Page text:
Industry should be enabled to better champion useful clinical research, with regulators matching commercial rewards to clinical utility for industry products, thus helping good companies outperform bad ones and aligning the interests of shareholders with those of patients and the public. Regulatory agencies may need to assume a more energetic role towards ensuring the conduct of large, clinically useful megatrials. Current research funding incentivizes small studies of short duration that can be quickly performed and generate rapidly publishable results, while answering important questions may sometimes require long-term studies whose financial needs exceed the resources of most currently available funding cycles. Partnerships with patient-centered research initiatives (50) and academia can potentially solve some of the challenges of designing and implementing more pragmatic trials (51).
One should acknowledge that even for streamlined randomized trials, the cost may be substantial if multiple such trials require support by public funds. The industry may still participate by contributing funds towards a common pool of resources under public control for trials conducted by nonconflicted academic investigators. One to two percent of the sales of blockbuster drugs diverted in such a pool (52) could earmark ample funding.
Funding agenda for blue-sky, preclinical, and clinical science
Discovery research without prespecified deliverables – blue-sky science – is important and requires public support. However, a lot of ‘basic’ investigation does have anticipated deliverables, like research into developing new drug targets or new tests. This research may best be funded by industry and those standing to profit if they deliver a product that is effective. Much current public funding could move from such preclinical research to useful clinical research, especially in the many cases in which a lack of patent protection means there is no commercial reason for industry to fund studies that might nevertheless be useful in improving care. Reallocation of funds could help improve all research (basic, preclinical, and clinical) (see table).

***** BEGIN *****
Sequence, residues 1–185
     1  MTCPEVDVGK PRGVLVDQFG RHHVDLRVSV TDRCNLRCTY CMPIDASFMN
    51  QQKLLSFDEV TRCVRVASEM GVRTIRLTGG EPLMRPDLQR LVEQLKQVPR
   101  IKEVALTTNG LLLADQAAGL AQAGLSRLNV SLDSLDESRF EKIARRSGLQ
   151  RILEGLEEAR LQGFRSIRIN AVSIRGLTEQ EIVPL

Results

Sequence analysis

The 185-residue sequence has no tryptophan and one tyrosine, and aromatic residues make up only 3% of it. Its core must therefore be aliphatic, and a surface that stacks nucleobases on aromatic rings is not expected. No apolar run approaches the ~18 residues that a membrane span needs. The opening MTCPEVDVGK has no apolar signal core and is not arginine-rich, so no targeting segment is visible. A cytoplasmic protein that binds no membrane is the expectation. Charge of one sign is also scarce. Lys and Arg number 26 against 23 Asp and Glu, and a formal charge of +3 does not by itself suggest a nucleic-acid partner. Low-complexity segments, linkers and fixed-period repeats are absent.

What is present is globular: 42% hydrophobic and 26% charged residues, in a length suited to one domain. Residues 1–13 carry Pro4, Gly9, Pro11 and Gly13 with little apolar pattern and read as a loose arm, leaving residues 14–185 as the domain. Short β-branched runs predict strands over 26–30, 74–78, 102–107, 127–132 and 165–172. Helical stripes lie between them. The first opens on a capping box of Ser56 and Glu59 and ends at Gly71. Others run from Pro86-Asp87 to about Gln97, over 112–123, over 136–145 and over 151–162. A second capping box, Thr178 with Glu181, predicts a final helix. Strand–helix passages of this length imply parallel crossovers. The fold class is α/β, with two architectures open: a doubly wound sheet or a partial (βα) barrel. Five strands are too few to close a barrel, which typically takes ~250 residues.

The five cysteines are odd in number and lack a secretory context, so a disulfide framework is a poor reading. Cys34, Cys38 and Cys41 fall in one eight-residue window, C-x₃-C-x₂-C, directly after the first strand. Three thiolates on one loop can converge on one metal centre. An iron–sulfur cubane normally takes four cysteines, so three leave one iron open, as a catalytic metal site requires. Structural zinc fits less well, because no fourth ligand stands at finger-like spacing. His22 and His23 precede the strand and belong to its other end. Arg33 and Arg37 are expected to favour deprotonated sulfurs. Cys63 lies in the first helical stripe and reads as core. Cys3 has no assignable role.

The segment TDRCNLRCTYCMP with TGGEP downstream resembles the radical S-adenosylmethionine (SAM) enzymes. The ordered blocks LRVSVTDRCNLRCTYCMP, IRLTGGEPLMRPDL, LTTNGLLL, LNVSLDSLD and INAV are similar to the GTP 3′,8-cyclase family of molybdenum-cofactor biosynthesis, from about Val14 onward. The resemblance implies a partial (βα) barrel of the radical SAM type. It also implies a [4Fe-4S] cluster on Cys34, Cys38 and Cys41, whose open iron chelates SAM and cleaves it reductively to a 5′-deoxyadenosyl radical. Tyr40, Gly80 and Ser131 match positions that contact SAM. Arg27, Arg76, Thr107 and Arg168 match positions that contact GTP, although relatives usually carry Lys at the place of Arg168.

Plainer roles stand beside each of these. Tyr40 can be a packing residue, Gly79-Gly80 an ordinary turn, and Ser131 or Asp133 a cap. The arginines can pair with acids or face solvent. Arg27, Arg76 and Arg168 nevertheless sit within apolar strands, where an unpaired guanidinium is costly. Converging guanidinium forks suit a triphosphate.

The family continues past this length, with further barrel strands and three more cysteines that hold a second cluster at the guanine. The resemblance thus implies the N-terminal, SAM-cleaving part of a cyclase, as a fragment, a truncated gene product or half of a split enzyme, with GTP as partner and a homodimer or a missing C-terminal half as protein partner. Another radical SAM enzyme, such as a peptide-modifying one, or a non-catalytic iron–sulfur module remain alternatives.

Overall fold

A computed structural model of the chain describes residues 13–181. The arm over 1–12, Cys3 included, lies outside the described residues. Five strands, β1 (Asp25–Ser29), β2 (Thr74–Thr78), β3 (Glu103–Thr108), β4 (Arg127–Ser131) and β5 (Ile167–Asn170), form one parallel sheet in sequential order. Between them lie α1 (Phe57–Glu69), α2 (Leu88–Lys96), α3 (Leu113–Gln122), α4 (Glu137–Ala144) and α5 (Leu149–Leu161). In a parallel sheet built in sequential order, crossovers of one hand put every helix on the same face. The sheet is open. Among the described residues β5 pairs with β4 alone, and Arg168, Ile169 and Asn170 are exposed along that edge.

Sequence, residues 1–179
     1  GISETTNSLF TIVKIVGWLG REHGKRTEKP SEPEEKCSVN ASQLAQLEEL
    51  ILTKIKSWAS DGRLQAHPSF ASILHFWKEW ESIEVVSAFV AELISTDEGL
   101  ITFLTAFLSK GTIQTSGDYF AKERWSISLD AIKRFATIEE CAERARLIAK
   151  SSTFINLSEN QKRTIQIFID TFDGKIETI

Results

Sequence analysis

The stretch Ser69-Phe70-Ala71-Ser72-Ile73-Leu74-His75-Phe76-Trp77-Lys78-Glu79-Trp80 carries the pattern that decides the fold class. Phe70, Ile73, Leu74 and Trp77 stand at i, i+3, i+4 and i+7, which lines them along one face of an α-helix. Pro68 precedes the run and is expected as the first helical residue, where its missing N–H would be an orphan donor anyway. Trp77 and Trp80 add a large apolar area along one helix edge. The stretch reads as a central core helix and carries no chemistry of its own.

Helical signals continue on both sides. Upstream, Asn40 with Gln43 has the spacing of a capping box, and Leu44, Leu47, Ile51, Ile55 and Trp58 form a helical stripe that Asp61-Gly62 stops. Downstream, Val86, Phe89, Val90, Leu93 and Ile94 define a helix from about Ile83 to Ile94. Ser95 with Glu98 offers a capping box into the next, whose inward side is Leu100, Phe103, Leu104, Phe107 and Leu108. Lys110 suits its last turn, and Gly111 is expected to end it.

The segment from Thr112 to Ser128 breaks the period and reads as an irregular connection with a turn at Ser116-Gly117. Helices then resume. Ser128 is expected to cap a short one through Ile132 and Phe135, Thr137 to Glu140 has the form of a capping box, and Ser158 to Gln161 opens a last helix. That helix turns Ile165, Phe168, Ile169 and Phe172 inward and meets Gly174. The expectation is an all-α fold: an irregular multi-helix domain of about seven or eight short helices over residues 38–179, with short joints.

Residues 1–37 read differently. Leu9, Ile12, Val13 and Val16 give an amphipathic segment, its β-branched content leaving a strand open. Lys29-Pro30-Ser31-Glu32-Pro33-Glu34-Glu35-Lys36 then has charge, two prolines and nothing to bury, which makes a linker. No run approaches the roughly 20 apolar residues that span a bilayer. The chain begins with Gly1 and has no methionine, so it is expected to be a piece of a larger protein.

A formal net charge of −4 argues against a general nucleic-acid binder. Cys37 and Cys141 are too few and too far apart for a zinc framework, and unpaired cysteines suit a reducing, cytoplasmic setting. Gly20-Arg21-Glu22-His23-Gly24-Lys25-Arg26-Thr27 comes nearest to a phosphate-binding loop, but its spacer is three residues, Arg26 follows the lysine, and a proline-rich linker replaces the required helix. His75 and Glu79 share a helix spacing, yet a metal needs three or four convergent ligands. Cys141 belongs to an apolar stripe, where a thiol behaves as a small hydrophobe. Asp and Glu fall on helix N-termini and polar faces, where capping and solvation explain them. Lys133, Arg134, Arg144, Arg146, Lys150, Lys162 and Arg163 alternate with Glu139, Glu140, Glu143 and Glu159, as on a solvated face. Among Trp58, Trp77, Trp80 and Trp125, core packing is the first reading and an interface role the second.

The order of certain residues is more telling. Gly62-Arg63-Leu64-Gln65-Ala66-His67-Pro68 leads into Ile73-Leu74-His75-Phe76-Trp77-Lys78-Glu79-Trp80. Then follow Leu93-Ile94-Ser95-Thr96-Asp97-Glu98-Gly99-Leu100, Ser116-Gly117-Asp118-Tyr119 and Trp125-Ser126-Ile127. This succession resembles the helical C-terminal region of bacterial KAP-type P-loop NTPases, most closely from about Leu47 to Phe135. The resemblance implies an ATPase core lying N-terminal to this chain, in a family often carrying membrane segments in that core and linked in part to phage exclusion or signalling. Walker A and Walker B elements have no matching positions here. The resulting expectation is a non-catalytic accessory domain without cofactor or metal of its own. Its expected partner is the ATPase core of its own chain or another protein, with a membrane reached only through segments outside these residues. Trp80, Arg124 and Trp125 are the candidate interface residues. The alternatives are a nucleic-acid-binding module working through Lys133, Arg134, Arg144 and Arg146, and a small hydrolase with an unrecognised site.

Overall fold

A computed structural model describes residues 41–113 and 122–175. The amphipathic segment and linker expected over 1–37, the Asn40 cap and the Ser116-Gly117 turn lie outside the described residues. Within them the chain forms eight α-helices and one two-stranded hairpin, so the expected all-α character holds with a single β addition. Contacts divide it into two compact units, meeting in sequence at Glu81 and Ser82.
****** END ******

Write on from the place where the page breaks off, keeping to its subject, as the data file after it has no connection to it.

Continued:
Journals can be very influential is setting standards of acceptable research. External groups could also appraise the clinical utility of the papers published in journals. For example, one could track a ‘Journal Clinical Usefulness Factor’ scoring some features mentioned above.
Patients and related advocacy groups
Patients and related advocacy groups stand to gain most by an increase in clinically useful research. These groups can influence positively the utility of research when they are savvy about science-in-the-making and protected from biased influences. Public media and related commentators of health news (53) may also help by focusing on the need to obtain clinically useful research and not compromise for less.
Overall, not only are most research findings false, but, furthermore, most of the true findings are not useful. Medical interventions should and can result in huge human benefit. It makes no sense to perform clinical research without ensuring clinical utility. Reform and improvement are overdue.
□ Blue-sky research cannot be easily judged on the basis of practical impact, but clinical research is different and should be useful. It should make a difference for health and disease outcomes or should be undertaken with that as a realistic prospect.
□ Many of the features that make clinical research useful can be identified, including those relating to problem base, context placement, information gain, pragmatism, patient centeredness, value for money, feasibility, and transparency.
□ Many studies, even in the major general medical journals, do not satisfy these features, and very few studies satisfy most or all of them. Most clinical research therefore fails to be useful not because of its findings but because of its design.
□ The forces driving the production and dissemination of nonuseful clinical research are largely identifiable and modifiable.
□ Reform is needed. Altering our approach could easily produce more clinical research that is useful, at the same or even at a massively reduced cost.